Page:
XDA Senior Member rompnit has released a manual method to theme your own keyboard. Finding a theme for your keyboard can be tricky because there are only a finite number that themers release. Now those who what something truly their own can simply make their own. The process is a little complicated and requires—more or less—the same steps involved in theming any APK.
To get started, you’ll need APKTool as well as your favorite zip program, like 7zip. From there, you tear down the keyboard APK you wish to theme, theme it, recompile it, and get it on your phone. It sounds easier than it is, as the process will take some time and effort. However, rompnit does an excellent job of keeping the explanations as simple as possible so even beginners can get in on the action.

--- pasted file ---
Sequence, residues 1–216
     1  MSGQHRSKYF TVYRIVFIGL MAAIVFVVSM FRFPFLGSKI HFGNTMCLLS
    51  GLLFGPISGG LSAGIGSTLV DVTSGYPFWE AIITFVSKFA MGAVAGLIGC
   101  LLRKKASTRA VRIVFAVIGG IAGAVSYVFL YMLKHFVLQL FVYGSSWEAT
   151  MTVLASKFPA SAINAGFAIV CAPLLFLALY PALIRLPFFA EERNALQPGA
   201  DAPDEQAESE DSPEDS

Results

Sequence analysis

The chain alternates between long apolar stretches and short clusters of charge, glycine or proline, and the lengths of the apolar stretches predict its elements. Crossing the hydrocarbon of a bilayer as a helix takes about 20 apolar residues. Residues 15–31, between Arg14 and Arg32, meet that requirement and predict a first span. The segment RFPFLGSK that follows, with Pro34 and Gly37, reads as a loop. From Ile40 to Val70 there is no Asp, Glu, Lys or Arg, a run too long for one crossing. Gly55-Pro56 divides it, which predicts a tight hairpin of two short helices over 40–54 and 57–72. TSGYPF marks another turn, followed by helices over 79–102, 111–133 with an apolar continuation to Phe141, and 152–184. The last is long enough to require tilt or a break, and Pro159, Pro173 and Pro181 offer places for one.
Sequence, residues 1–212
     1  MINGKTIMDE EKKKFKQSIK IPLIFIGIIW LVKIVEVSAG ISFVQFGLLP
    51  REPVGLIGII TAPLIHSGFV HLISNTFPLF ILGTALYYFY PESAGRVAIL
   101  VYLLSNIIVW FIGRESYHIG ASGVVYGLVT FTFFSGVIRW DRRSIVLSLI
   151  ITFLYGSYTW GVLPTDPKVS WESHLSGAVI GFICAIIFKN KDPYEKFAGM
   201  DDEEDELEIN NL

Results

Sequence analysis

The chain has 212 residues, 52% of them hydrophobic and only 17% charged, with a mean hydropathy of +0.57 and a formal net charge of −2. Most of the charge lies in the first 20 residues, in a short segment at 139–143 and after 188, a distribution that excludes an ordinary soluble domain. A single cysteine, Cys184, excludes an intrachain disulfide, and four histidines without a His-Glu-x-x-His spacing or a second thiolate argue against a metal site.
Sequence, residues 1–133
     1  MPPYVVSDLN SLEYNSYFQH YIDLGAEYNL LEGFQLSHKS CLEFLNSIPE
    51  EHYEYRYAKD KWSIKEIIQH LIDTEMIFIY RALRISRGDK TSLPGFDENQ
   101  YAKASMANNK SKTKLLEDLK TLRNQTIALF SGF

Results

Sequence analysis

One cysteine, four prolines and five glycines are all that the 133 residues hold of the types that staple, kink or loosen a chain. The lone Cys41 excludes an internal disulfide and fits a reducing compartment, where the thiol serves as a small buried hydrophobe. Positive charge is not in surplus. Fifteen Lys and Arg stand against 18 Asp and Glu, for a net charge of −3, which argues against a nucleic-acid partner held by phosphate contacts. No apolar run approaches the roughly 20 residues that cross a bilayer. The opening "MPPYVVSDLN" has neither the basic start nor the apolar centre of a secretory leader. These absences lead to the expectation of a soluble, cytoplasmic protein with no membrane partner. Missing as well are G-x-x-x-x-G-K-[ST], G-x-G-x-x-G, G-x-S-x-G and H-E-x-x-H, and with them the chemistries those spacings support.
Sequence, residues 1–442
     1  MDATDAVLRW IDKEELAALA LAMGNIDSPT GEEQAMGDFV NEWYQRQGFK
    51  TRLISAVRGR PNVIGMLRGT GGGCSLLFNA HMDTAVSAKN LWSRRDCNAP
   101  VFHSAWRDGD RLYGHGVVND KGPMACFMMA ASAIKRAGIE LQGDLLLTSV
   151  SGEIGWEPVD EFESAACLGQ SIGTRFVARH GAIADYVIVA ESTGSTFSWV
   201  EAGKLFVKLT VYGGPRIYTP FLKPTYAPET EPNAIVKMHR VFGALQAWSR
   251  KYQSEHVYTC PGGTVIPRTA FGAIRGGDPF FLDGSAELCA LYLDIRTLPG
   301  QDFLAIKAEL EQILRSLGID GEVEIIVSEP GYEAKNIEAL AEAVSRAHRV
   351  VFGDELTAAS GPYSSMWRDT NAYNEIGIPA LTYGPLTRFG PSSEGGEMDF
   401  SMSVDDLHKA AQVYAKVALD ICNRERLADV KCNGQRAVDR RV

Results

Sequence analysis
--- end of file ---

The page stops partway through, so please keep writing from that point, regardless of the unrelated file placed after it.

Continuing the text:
For more info, check out the original thread.
Who doesn’t like it when development teams launch mass releases? As such it’s not uncommon for us to report a dozen or so devices getting a ROM at once. Another ROM dev team has released their newest release candidate for a staggering 11 devices.
The ROM series is called LiquidSmooth, and the team has quite a few developers. It is a source-built release derived from AOSP, and it borrows from a number of other development teams such as CyanogenMod and Team EOS. The device list includes:
Galaxy Nexus (maguro)
Galaxy Nexus (toroplus)
Galaxy Nexus (toro)
Samsung Galaxy S III I9300
Sprint Samsung Galaxy S III
Verizon Samsung Galaxy S III
T-Mobile Samsung Galaxy S III
AT&T Samsung Galaxy S III
US Cellular Samsung Galaxy S III
Google Nexus 7
Samsung Galaxy Note GT-N7000
It’s quite a hefty list. A few of the features included are:
Lockscreen text color, layouts etc, 5-8 Options
Color & Alignment (Clock)
Custom Navbar Targets (Up to 7)
Custom Navbar Ring Targets (Up to 5)
Customizable Colors throughout the Rom
Liquid Launcher (Custom with extra options)
Liquid Splasher (New Liquid Settings)
Framework optimizations to enhance performance
Ultra Slim Size: Deodexed, Debloated, Zip-Aligned and Opti-png
Startup script control (sysctl, cron, zipalign etc)